The current approach to treating endometriosis is often inadequate or intolerable for many patients. Until more effective therapies are available, we should aim to maximize the effectiveness of our current options. Optimization may be possible by reducing nocebo effects, which are the negative therapeutic effects not directly caused by a treatment. Awareness of these effects, how they arise, and the factors influencing them, is invaluable if we aim to limit their magnitude. The unique nature of endometriosis diagnosis and management is especially prone to nocebo effects due to multiple factors, including diagnostic delays, feelings of invalidation, social transmission of expectations, and persistent symptoms despite numerous treatments. This commentary discusses the origins of these effects in people with endometriosis, methods of limiting nocebo effects, and future research directions.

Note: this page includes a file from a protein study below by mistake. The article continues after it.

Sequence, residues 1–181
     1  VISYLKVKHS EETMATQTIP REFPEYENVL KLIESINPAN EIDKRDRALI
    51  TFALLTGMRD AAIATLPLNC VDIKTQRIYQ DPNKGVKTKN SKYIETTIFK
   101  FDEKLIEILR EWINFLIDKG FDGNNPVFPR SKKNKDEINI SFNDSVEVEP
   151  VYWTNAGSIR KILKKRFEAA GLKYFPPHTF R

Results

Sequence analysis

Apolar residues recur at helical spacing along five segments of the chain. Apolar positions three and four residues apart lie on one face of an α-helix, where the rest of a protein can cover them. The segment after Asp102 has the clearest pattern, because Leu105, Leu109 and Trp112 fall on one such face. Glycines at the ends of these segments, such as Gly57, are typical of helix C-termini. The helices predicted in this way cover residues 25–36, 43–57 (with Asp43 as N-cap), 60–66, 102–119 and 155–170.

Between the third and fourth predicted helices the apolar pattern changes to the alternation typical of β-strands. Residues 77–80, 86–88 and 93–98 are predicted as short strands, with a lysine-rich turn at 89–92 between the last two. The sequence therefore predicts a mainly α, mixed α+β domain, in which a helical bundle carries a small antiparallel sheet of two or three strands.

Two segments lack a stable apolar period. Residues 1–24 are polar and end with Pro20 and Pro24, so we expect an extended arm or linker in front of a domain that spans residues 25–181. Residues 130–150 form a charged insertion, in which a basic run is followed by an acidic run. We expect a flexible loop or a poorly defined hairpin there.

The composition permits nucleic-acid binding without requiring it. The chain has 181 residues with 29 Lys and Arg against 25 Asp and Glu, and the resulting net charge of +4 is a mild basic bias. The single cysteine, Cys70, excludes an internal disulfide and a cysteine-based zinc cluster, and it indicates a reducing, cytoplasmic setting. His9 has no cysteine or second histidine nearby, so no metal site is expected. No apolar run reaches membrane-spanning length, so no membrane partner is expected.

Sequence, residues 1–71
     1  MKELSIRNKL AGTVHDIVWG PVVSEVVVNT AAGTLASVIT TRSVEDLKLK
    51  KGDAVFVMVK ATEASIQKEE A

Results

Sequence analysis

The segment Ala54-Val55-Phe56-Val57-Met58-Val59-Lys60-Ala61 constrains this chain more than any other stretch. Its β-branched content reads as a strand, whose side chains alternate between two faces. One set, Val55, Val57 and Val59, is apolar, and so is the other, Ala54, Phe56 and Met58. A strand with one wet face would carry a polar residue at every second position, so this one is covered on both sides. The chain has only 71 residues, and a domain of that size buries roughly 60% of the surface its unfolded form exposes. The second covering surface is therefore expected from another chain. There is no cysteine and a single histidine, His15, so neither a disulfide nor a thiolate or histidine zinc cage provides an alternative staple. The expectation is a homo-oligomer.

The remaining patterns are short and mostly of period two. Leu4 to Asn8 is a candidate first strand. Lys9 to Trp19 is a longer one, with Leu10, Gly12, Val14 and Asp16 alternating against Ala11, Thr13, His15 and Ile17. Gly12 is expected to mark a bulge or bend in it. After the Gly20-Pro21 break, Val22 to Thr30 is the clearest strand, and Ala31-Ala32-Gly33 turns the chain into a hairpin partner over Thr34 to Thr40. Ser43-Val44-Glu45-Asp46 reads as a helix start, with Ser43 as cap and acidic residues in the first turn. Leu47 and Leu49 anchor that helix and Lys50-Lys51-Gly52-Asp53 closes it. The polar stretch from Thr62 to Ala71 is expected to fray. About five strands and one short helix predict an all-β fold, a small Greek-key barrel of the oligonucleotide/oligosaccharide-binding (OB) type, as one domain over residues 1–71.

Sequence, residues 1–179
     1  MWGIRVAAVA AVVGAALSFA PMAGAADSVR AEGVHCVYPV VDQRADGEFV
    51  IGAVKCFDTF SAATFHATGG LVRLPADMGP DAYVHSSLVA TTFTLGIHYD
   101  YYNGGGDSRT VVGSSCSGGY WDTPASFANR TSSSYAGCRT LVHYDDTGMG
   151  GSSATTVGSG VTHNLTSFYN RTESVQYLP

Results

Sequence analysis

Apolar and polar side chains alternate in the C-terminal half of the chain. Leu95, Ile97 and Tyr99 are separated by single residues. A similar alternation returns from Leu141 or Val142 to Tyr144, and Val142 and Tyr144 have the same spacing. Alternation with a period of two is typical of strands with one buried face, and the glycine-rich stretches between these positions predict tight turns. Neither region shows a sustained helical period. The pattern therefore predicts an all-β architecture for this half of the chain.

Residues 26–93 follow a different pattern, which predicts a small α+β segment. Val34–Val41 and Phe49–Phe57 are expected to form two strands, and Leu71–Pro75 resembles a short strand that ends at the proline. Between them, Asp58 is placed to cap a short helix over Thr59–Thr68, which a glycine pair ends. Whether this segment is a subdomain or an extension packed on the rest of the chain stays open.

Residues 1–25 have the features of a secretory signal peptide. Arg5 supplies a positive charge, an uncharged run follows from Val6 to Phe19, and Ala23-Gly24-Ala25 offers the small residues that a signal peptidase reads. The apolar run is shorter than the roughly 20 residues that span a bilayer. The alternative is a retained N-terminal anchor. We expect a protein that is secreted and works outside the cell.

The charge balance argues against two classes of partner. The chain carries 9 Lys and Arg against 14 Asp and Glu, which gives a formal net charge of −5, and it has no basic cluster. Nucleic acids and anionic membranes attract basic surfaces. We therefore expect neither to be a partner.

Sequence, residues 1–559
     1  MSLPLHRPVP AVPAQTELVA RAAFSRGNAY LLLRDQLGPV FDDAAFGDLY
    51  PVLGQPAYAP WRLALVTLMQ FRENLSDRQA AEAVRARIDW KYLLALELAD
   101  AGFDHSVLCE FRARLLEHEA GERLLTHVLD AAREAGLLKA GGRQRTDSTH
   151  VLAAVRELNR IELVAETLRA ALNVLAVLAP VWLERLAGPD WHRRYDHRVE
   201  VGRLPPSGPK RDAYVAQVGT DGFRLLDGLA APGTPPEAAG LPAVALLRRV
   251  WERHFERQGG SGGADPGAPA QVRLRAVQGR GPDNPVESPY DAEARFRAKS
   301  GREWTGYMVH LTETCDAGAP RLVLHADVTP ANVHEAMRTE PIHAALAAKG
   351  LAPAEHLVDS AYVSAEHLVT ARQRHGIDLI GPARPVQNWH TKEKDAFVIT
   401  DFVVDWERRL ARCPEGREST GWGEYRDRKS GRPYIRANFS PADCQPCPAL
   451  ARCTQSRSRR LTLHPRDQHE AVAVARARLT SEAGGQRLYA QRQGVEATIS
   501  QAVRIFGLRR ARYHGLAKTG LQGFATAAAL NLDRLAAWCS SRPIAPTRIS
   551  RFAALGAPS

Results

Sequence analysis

The term ‘nocebo’ describes the undesirable effects of a medication or treatment that patients may experience which are not directly caused by the treatment (e.g. tiredness from a sugar pill). These arise from pre-existing expectations toward a treatment and are influenced by multiple external factors, including past experiences, online media, personal beliefs, and personality factors. Endometriosis is a disease characterized by cells like those from the inside of the uterus growing outside of the uterus. The complex nature of endometriosis diagnosis and management creates an environment where nocebo effects may affect treatment outcomes. We may be able to limit nocebo effects through awareness and simple actions that strengthen patient–doctor relationships. Effective therapeutic relationships with doctors are crucial in limiting negative expectations and are established through empathy, honesty, and support. Therapeutic relationships built on trust may allow healthcare providers to address negative expectations, nocebo effects, and the misinformation affecting endometriosis management.